Contents tagged with Gardening
Created: 3/19/2014 Updated: 8/9/2016
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For all you tweethearts out there who prefer knowledge disseminated in 140 character quanta, I will be participating in a Twitter discussion (follow me @HorticulturSeth) on #NativeGardening tomorrow, 3/20, at 12:00 pm CST. No surprise, preparing for this event has turned my thoughts away from the tropical plants I was perusing just last week in Florida*, and back to local flora.
Thoughts are really all I have at this point – interactions are limited by the fact that most plants ‘round here are still hitting the snooze button awaiting more favorable weather.
Some of you may remember my “bottom ten” lists (to which I still owe a promised conclusion.) I must say, it’s fun writing those. I mean, who doesn’t love making fun of terrible, terrible things? Especially plants, which have a limited capacity for retaliation? So hopefully you will not think less of me for admitting the temptation to combine my love of cruel mockery with my current focus on native plants in order to generate a bottom ten native plant list. (I’m looking at you, Hackelia virginiana.)
But alas, I don’t have the heart. Native plants are underused, underappreciated, and under assault from development, climate change, and invasive species. So instead of following my baser instincts, I’m just gonna drop some sweet, sweet native plant knowledge. To wit –
Six native plants Chicago area gardeners really have no excuse for not growing:
- Purple Coneflower (Echinacea purpurea) – It’s attractive. It’s available. It’s a potent pollinator magnet. And it’s easier than shooting fish in a barrel, assuming the fish are relatively large and not similarly armed. Seriously, all you need is sun and sorta decent dirt. You have that, right?
- Butterflyweed (Asclepias tuberosa) – Also easy to grow, though maybe a little harder to find in the garden center. Needs decently draining soil. The best thing about butterflyweed is that whole “butterfly” part. Monarchs feed on this plant from cradle to grave.**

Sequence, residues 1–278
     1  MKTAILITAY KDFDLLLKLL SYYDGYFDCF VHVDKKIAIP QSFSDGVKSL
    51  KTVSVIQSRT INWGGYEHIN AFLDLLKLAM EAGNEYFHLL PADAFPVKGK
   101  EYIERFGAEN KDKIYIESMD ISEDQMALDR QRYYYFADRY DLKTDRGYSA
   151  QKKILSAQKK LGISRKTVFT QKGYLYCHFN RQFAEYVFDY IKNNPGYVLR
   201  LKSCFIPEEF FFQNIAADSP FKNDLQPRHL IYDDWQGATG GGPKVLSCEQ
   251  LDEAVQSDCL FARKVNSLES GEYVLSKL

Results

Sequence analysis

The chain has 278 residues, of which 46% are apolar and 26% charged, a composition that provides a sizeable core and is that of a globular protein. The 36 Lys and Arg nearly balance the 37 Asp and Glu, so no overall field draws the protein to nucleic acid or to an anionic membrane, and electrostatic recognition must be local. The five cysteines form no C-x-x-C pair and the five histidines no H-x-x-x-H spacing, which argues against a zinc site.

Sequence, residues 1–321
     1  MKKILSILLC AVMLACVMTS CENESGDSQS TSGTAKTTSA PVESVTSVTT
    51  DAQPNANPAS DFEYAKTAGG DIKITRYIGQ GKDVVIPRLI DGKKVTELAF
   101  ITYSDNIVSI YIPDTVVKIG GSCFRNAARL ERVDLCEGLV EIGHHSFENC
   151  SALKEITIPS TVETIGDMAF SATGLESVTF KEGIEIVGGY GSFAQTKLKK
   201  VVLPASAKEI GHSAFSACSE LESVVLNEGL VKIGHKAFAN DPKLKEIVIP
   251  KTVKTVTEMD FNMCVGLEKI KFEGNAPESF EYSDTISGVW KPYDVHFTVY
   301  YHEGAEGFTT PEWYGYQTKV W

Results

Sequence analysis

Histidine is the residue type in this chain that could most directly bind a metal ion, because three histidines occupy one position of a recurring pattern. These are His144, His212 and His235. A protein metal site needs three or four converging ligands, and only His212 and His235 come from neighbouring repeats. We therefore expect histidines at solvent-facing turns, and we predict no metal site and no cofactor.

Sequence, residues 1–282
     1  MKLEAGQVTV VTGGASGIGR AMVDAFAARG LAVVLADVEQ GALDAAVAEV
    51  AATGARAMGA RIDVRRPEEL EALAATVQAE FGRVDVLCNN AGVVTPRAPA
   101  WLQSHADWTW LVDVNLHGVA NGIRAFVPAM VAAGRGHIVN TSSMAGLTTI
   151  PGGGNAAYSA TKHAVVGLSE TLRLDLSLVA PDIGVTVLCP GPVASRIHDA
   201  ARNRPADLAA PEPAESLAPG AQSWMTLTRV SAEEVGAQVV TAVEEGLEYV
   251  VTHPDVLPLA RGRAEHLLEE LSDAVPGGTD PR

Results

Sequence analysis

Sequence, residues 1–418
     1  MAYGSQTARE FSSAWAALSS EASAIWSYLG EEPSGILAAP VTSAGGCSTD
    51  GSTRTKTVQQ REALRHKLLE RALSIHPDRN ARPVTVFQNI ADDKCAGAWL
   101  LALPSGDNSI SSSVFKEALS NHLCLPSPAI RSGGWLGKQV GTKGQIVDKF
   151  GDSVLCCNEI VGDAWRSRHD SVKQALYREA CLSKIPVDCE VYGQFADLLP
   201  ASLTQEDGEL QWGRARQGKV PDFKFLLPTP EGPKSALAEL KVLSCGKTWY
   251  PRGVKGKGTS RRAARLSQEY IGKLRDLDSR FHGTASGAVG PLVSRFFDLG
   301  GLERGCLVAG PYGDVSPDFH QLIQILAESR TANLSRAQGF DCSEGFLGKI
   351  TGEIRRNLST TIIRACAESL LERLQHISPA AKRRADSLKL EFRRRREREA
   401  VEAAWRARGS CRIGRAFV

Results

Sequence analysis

- Joe Pye Weed (Eupatorium maculatum) – You may be asking yourself, who is Joe Pye? Well, the answer is twofold: I don’t know and I don’t care. This is one of my favorite plants, and it wouldn’t change my opinion if I found out Joe Pye had invented spam email, parking meters, and the word “irregardless.” It should be noted that this plant’s kinda big. And it needs consistent moisture. But when in full bloom, there’re few plants that can rival its beauty and raw butterfly magnetism.
- Wild Bergamot (Monarda fistulosa) – Sun and dirt that’s not soggy - got that? You can grow this. When you do, you’ll enjoy masses of colorful flowers over a long season, starting in early summer. You’ll also draw bees and butterflies like…flies.
- Susans (Rudbeckia spp.) – Whether their eyes are black or brown, the Susans really hit the spot for daisy lovers. There’s a place for a Susan in every garden, assuming she’s relatively sedentary. Also, I really needed something yellow on this list.
- Swamp Mallow (Hibiscus moscheutos) – Got a wet spot in your yard? As long as it’s sunny and the soil’s reasonably rich, you can grow flowers the size of your face.
*mic drop*View Comments
*I travel to the Sunshine State once a year to purchase plants for the Judy Istock Butterfly Haven. Can I be frank with you a moment? I have strong opinions about Florida, and they are not congenial. I hope you’re happy, butterflies.
**I use “grave” metaphorically, as very little is known about lepidopteran death rituals.
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Created: 7/15/2013 Updated: 8/9/2016
Gardening has, for many years, been America’s most popular hobby, so it should come as no surprise that numerous people have attempted to make a buck or two dispensing horticultural information to the masses. Gardeners clamor endlessly for the advice of experts, and so your average bookstore is absolutely lousy with flower books, to say nothing of the countless gardening websites available for the perusal of the plant-addled. Most of these resources focus on what to grow and why. As I considered topics for a blog post today, it occurred to me that I should avoid contributing to this information overload. There is an eminently more useful service I can offer to the horticulturally inclined. And so, calling upon my years of training and experience, I've come up a with a list of plants that should never ever be planted by anyone, ever. Witness the first installment of the soon-to-be-indispensable Harper’s Horticultural Bottom Ten!*
Norway Maple – Acer platanoides.